Fairy tales have it right. The Song of Solomon has it right.  Love is for beautiful people, people of royalty, people of importance.  But it is love that makes us these things. If you do not believe me, I challenge you to try this simple experiment:  husband, for the next 48 hours, when you look upon your wife, look upon her as you would look upon a beautiful princess.  Speak to her, respect her, as you would a princess.  Touch her as you would touch a princess.  Do for her as you would do for a princess.  And wives, (though this may require some imagination!) look upon your husband and regard him as a high and handsome prince.  For once he was such in your eyes.  If you will treat each other as royalty, even for 48 hours, if you will touch and treat each other as royalty, you will notice a magic returning to your relationship that has not been for a long time unless you are very wise in the ways of love.  The couples who are wisest about love seem to have a secret of always regarding their beloved as the most special person in the world.  I will tell you honestly:  I have tried this experiment myself and it works.  Unfortunately, it is a hard attitude to maintain.  I say that to my chagrin and my shame.

Here is another place where fairy tales and Song of Solomon are right about love and the modern world is not. We dismiss “fairy tale romances” as unrealistic because they purport to present the course of love as smooth.  Actually, what gives fairy tales their friction is their implicit recognition that love is an arduous and elusive adventure.  Even in the Song of Solomon, if you follow the narrative closely, you find hints of quarrels that lead to temporary estrangements.  No small number of fairy tales bring young lovers together in the beginning, only to have them quarrel fiercely and make headstrong declarations that alienate them, seemingly forever.  When my daughter was young, one of her favorite movies was the animated version of The Swan Princess, where two young lovers are on the verge of marriage when the young princess asks her prince what he sees in her besides her obvious physical beauty. The young man freezes, unable to express the inexpressible truth of his heart.  Then he blurts out, “What else is there?”   Wrong answer!  He spends the rest of the tale trying to convince her by action what he cannot convey verbally, that what he values in her is her courage and creativity and constancy of character, her inner beauty.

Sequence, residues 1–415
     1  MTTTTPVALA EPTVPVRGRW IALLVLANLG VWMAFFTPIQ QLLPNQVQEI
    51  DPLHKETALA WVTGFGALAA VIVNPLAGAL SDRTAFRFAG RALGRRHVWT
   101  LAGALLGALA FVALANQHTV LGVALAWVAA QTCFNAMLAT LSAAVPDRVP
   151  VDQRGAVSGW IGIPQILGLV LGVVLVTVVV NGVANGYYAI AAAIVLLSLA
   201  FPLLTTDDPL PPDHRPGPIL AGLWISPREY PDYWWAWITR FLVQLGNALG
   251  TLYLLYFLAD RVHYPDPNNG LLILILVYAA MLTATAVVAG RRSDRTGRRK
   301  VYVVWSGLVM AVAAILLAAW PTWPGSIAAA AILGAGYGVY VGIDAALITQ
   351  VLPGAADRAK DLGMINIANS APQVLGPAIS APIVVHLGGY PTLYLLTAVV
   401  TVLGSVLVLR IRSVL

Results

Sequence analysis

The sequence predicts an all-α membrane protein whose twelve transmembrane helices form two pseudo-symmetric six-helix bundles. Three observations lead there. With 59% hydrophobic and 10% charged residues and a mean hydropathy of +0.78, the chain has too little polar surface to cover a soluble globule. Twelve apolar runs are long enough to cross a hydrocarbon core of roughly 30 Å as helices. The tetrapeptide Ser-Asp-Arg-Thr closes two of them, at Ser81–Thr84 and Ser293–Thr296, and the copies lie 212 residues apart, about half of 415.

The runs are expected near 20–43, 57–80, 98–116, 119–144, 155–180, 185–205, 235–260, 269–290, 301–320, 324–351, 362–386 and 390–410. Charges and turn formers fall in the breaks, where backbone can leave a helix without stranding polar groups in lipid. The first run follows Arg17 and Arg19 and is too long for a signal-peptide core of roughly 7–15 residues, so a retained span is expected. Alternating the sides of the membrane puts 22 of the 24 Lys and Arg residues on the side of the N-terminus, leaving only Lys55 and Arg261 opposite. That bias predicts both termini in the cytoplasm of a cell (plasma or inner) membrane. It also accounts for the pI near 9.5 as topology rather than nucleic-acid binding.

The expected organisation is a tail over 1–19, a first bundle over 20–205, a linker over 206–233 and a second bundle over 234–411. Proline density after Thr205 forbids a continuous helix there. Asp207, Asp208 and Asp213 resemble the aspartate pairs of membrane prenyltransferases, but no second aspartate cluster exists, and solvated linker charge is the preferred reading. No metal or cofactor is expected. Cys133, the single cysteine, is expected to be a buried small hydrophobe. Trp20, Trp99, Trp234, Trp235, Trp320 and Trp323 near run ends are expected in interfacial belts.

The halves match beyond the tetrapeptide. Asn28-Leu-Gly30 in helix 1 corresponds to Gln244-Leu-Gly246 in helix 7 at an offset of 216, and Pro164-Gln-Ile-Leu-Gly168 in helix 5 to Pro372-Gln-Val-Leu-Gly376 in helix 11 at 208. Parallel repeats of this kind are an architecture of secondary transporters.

The Bible is no less sobering when it comes to conveying the difficulty of love.  Who springs to mind as a perfect role model?  Adam and Eve? They deceive and blame each other when cornered.  Abraham and Sarah? A long marriage, but one pocked by moments of dishonesty.  There is a fairy tale quality to the way Jacob works seven years, then seven years more, to marry Rachel, but it is no surprise that he falls prey to Laban’s deception, for he has come from a family that practiced deceit. Recurring destructive family patterns replicate themselves!  Even in the oft-told story of Mary and Joseph, there is a moment of tension when the righteous Joseph wants to divorce Mary quietly.

Love in the Scriptures, like love in fairy tales, is always a privileged ordeal.  Years ago they held these Promise Keeper meetings that invited guys to pay $70 a ticket to come to a coliseum where somebody would say to them, “Remember that those marriage promises you made are heroic promises.”  I always told my folks, “Hey, save yourself $70 by simply reading fairy tales to your children and be reminded that the pursuit and service of one’s lover is a great goal.”  Beasts must be fought, mountains must be climbed, rivers must be forded, spells must be broken.  The spell that most of us must break is the spell of dullness, the insensate obtuseness with which we approach the privilege of love. How destructive is the business of busy-ness!  “Set your love like a seal upon my heart!” begs the poet.  “Love is as strong as death! Love’s flashes are the flashes of fire!”  Such language is not the language of a dullard. Such language is similar to that spoken by heroes who stand before an altar and promise, “For better or worse, for richer or for poorer, in sickness and in health, I will honor you and cherish you until death do us part.”